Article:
In Freedom of Information Act lawsuit EPIC v. DHS, EPIC is seeking records of communications between the Department of Homeland Security and the now-defunct Presidential Advisory Committee on Election Integrity (the Commission) regarding the transfer of personal voter data.
On May 11, 2017, President Trump signed an Executive Order establishing the Commission. Its purpose was to “study the registration and voting processes used in the Federal Elections” and to issue a report to the President addressing three specific issues. The Commission was created after President Trump’s repeated assertions that roughly three to five million illegal votes were cast in the 2016 Presidential election.
In an unprecedented request for sensitive voter data, the Commission sent letters to all fifty states and the District of Columbia asking for names, dates of birth, addresses, political party affiliation, last four digits of voter’s social security number, and voter history. The Commission’s demand for detailed voter records included directing state election officials to send voter records to an unsecured website and proposing to publish partial social security numbers that would enable identity theft and fraud.
On July 3,2017, EPIC filed a lawsuit for a temporary restraining order to halt the Commission’s collection of state voter information. A week later, the Commission announced that it would suspend the collection of voter data pending the court’s decision on EPIC’s motion.
The Commission not only sought state voter data, but it also sought information from federal agencies. On July 19, 2017, the Commission discussed the collection of data from federal agencies, including the DHS. Commission member Hans Anatol von Spakovsky described data that he thinks the Commission should get from federal databases, including two unnamed DHS databases on immigration detentions and citizen applications. EPIC swiftly filed a Freedom of Information Act request to the DHS seeking communications between the agency and the Commission regarding the transfer of sensitive voter information.
President Trump Disbands the Commission
On January 3, 2018, President Trump issued an Executive Order terminating the Commission. EPIC filed this suit after President Trump said he asked the DHS “to determine the next course of action.” A DHS spokesman stated that the DHS is taking over the panel “in support of state governments who are responsible for administering elections, with efforts focused on securing elections against those who seek to undermine the election system or its integrity.”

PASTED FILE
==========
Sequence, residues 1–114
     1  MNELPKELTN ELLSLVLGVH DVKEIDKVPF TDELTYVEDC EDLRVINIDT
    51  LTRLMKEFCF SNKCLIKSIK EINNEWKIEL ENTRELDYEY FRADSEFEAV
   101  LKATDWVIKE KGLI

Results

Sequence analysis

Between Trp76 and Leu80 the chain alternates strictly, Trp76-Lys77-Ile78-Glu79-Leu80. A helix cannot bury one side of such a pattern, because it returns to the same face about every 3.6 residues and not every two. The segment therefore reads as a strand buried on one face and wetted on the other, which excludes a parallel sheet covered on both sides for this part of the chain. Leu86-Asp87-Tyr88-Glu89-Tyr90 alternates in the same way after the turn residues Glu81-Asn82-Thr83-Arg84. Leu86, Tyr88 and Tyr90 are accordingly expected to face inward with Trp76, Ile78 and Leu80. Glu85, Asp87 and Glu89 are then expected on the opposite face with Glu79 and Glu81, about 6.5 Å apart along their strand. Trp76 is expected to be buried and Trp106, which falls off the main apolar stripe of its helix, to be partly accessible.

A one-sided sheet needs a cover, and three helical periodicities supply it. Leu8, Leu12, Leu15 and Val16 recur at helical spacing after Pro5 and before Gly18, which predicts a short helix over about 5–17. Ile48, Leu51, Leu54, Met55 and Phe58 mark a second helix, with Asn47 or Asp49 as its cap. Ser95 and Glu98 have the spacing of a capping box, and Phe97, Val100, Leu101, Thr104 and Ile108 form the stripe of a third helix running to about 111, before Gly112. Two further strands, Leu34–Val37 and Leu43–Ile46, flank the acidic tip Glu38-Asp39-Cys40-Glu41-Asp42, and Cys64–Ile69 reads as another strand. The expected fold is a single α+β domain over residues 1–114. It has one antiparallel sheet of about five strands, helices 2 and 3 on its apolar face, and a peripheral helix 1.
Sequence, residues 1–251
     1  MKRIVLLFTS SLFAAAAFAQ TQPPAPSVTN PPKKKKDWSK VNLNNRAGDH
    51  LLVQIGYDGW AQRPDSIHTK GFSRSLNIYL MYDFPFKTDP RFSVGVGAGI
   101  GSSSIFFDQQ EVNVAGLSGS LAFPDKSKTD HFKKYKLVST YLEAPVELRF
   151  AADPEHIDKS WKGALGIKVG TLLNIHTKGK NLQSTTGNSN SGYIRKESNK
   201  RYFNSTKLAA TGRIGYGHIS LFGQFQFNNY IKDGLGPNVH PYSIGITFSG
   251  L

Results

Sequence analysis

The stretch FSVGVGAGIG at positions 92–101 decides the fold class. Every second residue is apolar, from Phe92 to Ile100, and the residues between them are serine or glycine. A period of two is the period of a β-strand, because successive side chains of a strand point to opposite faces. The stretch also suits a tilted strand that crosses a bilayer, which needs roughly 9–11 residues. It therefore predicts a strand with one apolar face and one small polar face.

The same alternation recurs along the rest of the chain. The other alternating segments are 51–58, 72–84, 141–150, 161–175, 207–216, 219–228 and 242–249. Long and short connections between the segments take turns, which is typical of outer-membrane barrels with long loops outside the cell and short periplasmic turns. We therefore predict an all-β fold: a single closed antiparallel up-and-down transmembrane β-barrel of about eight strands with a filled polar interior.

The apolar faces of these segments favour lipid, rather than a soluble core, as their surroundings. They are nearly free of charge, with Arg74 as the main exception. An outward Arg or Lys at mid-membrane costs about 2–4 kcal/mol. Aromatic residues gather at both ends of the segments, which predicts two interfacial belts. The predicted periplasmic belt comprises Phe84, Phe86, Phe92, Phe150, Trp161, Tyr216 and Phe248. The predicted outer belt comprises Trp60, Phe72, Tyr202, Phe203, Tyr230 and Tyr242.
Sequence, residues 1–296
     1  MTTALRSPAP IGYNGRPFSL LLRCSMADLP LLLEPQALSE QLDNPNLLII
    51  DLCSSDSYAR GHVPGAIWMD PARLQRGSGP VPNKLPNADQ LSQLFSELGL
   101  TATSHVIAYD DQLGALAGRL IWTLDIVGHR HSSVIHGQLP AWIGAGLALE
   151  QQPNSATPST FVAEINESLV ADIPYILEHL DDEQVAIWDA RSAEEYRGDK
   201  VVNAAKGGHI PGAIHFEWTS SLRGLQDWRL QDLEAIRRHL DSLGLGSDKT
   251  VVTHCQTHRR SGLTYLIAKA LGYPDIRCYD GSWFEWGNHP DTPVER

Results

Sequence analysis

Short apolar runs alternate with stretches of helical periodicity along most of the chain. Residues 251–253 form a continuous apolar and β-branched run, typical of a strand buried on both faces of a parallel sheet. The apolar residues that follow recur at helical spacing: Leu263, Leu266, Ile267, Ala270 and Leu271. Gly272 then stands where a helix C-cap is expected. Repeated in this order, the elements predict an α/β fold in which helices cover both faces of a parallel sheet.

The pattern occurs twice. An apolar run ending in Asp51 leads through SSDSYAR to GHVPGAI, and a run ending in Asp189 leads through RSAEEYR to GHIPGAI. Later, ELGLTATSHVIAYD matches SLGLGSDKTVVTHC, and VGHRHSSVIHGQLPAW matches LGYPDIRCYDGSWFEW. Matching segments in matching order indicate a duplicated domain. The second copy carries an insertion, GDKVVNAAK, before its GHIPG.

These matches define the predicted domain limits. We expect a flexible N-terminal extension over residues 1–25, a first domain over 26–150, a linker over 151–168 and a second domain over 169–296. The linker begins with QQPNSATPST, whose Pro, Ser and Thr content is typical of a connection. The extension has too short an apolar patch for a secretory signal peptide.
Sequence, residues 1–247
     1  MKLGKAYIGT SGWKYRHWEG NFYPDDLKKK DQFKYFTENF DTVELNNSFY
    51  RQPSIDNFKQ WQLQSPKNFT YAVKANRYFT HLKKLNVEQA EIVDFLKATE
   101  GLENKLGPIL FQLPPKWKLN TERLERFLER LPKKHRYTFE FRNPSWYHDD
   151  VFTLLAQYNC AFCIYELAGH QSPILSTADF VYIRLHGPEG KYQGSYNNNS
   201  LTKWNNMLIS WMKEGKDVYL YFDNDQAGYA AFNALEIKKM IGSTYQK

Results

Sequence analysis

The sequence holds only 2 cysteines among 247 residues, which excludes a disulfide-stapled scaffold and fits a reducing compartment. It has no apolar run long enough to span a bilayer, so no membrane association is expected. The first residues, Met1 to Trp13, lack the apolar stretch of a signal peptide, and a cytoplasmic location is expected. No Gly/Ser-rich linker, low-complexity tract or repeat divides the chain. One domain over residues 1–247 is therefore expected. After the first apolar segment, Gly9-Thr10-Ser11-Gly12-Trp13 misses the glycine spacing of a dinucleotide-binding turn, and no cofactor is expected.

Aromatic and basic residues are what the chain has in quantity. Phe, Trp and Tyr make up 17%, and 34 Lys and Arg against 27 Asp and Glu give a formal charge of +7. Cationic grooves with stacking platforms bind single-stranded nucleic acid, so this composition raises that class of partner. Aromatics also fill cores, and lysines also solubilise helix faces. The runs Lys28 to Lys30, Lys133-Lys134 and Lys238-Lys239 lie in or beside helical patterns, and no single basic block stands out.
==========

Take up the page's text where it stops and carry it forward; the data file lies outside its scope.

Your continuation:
Immediately after the Commission’s termination, former Vice Chairman Kris Kobach announced that the data collection activity would shift to the DHS, specifically the U.S. Immigration and Customs Enforcement. A DHS spokesman stated that former Vice Chairman Kobach will not be advising the DHS.
In a January 9, 2018 court filing, the White House intends to destroy all state voter data collected by the Commission “pending resolution of outstanding litigation involving the Commission and pending consultation with the National Archives and Records Administration (NARA).”
The public has a right to know about any proposals to transfer personal data between the DHS and the Commission. The sensitive information that the Commission sought is almost certainly protected by the Privacy Act, which restricts disclosure of personal data maintained by federal agencies. The Commission’s previous interests in privacy, transparency, and its treatment of data security has consistently fallen short. The collection and transfer of state voter data to DHS would be an egregious violation of millions of American’s privacy.
EPIC urged the Senate to seek assurances that “the DHS will not continue the activities of the Presidential Advisory Commission on Election Integrity.” EPIC, along with ten other organizations, also wrote to Secretary of Homeland Security Kristjen Nielson warning her that accepting or maintaining personal voter data would subject the DHS to obligations under the E-Government Act of 2002, the Privacy Act of 1974, and the Paperwork Reduction Act.
In addition to this Freedom of Information Act case, EPIC v. Commission is still pending in federal court.
- EPIC’s FOIA Request (Sept. 11, 2017)
- DHS Request for Clarification (Oct. 2, 2017)
- EPIC’s Revised FOIA Request (Oct. 2, 2017)
FOIA Communications with DHS
FOIA Communications with ICE
FOIA Communications with USCIS
U.S. District Court for the District of Columbia (No.18-43)
- Executive Order on the Termination of the Presidential Advisory Commission on Election Integrity (Jan. 3, 2018)
- EPIC: Democracy and Cybersecurity: Preserving Democratic Institutions
- EPIC: Open Government Project
- ODNI, EPIC v. Presidential Election Commission
- EPIC: Voting Privacy and the Presidential Election Commission
- EPIC: Voting Privacy
- Spencer S. Hsu, White House Says It Will Destroy Trump Voter Panel Data, Send No Records to DHS The Washington Post, (Jan. 10, 2018)